On July 26, the SEC enforced rules mandating public companies to report cybersecurity breaches within four days of identifying a material incident. The disclosure can be delayed up to 60 days if national security or public safety is at risk, as determined by the U.S. Attorney General. The rules require companies to detail the incident's nature, scope, timing, and its potential impact.
Companies must also describe their processes for identifying and managing cybersecurity risks and disclose this in their annual 10-K filing for SEC registrants, and on the 20-K Form for foreign private issuers. These rules aim to address the increasing risk of network breaches in our digital world. This also must include a description of the board’s oversight of cybersecurity risks.
SEC’s new rules also require each public company, including a foreign private issuer, to describe in its annual report:
Disclosures in the above forms are required beginning with annual reports for fiscal years ending on or after December 15, 2023.
Regarding the new reporting obligations following a cybersecurity event, reporting must start within four days of determining a material breach, requiring strong cross-functional processes. The SEC has amended the final cybersecurity rules to not include a list with risk types and rather provide a reference of risks such as, intellectual property theft, fraud, extortion, harm to employees or customers, violation of privacy laws, and reputational risk.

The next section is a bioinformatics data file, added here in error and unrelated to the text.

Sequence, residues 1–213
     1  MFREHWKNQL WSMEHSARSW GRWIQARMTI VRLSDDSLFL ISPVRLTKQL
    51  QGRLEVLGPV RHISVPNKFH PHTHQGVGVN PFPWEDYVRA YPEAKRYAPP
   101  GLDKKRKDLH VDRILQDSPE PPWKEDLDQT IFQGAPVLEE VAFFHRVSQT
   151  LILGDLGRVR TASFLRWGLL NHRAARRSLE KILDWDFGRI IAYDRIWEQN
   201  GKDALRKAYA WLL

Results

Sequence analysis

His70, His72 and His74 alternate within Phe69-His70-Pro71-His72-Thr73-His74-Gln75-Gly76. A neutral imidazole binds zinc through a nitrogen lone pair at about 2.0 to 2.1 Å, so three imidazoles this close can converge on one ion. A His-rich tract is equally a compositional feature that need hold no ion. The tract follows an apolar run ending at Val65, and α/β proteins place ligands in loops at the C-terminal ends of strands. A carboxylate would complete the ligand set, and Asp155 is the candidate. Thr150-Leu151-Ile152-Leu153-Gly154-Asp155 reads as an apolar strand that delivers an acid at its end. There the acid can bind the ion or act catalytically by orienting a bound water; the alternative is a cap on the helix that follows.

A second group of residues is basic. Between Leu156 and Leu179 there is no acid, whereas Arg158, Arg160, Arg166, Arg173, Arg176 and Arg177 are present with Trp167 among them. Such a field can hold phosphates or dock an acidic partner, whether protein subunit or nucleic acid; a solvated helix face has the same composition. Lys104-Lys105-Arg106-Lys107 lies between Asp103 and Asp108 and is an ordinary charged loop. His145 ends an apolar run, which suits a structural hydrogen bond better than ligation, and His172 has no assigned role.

In summary: the SEC’s disclosure requirements for public companies are:
Preparing in advance is key to reducing costs in handling cyber incidents, allowing also for companies to feel safe in terms of possible future cybersecurity threats with a proper solution in place, as well as to comply with new regulations. In determining if you are ready for these requirements, would you be able to answer the following questions:
WTW can help tailor a cyber risk management solution and coverage structure to suit your risk profile and business needs, and ensure that your organisation’s liability exposures are well protected amidst this new regulatory environment.
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